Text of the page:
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Bank Strategy Briefing

Bank Strategy Briefing: When online applications become your first choice

July 8, 2020

For the last several years, customer preferences have been decidedly moving toward electronic product delivery and away from traditional branch offices. In the wake of the 2019 novel coronavirus (COVID-19) pandemic, this trend is accelerating. Many banks are heavily leaning on their self-service digital channels to support deposit and loan growth strategies. What was once the alternative is becoming the frontline of a bank’s sales efforts.

The following are common challenges online application projects may pose and strategies to overcome them:

  • Scoping the project: If you are seeking a new platform, understanding project scope is critical. Some vendors offer a stripped-down, out of the box solution that lacks key functionality, while requiring additional professional services to develop customizations. Those solutions, especially those requiring customization work, can lead to delays due to misunderstandings or errors identified in user acceptance testing. The result can be project costs exceeding initial pricing estimates, conflict with your vendor and a major distraction for your bank. Upfront diligence and clear contractual terms can head off a number of these issues. Vendor demos can help you understand what customers will see, and getting references from industry peers can help you understand the benefits and challenges of the platform you are considering.
  • Displaying legal documents and disclosures: In addition to the documents typical of the paper world, new banking customers will need to give numerous consents to conduct business electronically and be contacted throughout the application process. Presenting legal documentation can disrupt the user experience and contribute to customer drop-off. Numerous banks have managed this issue with customer-friendly guidance for completing the application, spreading information and legal documents through multiple application pages, and training sales and customer service staff to guide customers through the application process.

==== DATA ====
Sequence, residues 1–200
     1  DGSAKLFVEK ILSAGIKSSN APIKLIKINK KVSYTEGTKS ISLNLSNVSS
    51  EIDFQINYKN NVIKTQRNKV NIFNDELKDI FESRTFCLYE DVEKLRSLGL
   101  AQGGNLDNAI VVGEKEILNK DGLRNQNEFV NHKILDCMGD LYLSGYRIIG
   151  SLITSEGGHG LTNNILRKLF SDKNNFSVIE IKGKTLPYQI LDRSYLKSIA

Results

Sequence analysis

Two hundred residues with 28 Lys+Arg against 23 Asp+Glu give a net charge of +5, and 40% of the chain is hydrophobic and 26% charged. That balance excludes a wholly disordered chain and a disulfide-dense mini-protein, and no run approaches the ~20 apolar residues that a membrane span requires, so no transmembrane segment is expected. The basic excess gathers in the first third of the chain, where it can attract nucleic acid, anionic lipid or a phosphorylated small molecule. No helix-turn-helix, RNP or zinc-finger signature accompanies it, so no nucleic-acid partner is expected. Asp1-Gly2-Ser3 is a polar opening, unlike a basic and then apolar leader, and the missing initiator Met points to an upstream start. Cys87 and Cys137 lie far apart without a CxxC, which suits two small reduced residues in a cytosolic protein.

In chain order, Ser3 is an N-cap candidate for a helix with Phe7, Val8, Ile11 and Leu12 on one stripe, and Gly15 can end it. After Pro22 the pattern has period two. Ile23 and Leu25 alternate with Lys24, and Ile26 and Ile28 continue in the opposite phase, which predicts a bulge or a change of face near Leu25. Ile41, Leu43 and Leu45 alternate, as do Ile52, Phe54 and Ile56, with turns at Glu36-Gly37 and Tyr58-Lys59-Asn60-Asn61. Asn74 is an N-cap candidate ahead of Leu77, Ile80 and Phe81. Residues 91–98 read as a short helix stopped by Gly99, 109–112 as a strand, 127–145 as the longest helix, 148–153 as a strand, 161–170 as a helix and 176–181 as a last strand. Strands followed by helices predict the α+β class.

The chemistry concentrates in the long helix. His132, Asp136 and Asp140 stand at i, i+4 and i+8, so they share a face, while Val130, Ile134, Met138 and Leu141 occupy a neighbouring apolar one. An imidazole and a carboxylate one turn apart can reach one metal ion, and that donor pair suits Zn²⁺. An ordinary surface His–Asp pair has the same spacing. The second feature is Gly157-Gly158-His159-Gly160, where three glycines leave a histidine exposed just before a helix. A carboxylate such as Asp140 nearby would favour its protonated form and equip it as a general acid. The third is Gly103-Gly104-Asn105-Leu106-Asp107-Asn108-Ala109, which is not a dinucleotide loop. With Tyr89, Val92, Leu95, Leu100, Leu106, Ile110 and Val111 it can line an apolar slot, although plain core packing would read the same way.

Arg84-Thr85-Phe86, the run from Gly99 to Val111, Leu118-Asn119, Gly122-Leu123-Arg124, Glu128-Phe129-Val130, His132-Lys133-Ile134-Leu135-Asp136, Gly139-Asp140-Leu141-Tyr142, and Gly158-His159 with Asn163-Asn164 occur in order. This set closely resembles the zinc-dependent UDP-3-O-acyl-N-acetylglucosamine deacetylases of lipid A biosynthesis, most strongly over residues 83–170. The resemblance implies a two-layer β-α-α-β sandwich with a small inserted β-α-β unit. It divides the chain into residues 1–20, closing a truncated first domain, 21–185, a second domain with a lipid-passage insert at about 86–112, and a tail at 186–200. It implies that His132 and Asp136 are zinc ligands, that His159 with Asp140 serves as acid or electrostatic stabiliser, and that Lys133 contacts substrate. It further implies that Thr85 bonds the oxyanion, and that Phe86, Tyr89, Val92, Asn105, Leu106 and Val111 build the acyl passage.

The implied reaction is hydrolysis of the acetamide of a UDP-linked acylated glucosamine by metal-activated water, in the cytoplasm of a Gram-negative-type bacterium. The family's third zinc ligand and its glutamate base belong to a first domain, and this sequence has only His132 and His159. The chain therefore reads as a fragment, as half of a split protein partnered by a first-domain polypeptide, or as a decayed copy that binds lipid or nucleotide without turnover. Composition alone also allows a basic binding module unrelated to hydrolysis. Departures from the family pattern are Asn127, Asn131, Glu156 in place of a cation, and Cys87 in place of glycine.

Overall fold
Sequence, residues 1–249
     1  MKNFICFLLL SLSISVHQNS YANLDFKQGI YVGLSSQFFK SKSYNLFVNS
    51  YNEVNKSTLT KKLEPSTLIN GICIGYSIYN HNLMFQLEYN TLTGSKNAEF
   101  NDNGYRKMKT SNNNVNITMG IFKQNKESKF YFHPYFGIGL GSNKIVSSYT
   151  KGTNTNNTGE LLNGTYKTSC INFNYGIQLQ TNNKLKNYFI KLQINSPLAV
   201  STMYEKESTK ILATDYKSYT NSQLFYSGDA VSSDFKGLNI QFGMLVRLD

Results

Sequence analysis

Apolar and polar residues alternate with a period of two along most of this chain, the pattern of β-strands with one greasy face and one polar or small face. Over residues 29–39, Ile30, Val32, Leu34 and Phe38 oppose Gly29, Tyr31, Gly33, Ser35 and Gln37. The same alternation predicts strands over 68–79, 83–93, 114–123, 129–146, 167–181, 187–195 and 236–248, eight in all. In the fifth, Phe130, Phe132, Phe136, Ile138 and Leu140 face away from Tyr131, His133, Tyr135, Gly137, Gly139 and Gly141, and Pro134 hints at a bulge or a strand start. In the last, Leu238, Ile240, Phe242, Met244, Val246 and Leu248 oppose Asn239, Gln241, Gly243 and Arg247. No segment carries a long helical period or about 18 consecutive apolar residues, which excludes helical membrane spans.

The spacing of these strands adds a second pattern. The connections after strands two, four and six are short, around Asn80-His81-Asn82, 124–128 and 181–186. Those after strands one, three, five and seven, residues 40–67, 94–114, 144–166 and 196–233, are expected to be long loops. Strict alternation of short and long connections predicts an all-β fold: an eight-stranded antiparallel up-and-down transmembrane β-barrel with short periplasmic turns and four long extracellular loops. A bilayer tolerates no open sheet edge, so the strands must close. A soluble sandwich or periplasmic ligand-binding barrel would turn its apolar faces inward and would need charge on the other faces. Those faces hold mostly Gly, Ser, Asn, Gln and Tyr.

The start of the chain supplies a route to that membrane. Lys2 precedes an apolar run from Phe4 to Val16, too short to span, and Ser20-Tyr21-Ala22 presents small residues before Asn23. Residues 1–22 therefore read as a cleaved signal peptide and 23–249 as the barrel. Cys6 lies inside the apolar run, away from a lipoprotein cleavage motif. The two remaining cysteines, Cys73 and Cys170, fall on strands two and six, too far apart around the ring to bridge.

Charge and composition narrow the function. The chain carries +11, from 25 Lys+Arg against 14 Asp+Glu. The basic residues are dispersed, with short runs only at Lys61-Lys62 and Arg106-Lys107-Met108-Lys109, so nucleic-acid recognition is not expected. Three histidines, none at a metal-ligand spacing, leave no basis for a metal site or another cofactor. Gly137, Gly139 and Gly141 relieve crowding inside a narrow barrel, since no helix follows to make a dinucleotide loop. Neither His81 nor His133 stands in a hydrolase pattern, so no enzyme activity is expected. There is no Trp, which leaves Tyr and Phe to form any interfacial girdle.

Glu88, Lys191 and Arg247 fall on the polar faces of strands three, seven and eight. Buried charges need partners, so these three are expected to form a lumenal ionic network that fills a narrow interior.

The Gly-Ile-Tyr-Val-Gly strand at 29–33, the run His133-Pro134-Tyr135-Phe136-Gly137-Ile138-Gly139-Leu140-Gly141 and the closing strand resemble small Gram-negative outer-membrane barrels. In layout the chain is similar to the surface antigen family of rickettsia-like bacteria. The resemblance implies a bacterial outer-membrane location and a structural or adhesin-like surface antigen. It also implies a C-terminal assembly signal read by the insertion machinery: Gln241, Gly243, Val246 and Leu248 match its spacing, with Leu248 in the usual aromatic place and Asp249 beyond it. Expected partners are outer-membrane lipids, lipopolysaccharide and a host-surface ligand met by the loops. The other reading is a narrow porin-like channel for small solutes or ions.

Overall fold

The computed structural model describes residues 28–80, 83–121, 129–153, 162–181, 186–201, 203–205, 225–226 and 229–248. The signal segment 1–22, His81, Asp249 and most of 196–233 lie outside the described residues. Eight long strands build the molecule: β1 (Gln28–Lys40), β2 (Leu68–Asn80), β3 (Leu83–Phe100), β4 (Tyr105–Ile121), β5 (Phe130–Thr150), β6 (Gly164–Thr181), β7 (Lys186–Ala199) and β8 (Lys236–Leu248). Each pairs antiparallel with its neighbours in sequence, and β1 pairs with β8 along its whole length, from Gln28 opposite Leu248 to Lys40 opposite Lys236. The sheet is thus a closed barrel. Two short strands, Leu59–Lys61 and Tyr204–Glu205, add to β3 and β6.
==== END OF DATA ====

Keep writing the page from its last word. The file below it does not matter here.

• Enforceability of electronic signatures: In general, electronic signatures are enforceable if executed properly. That said, the consequences for relying on an improperly executed electronic document can be dire, particularly in the case of a borrower default. Therefore,  we recommend the using a well-recognized electronic signature solution and a thorough legal review of the signing ceremony and record retention procedures. Because of the enforceability risks, the Federal Home Loan Bank of Chicago and the Federal Reserve Bank of Chicago currently do not accept some electronically signed documents for loans as collateral for advances. Additionally, to the extent a bank wishes to sell a loan portfolio or deposit accounts in the future, buyers may expect certain documents to feature wet ink signatures.
  • Monitoring performance: A number of digital banking platforms have experienced slower performance due to high online traffic taxing servers and networks during the COVID-19 pandemic. Banks should ask their vendors to provide hard data on CPU usage and response times, information about planned capital investments in additional server and network capacity, and service level agreements beyond making the platform available to their customers.

When implemented properly, online account applications can supplement a bank’s customer growth strategies as in-person interactions diminish.

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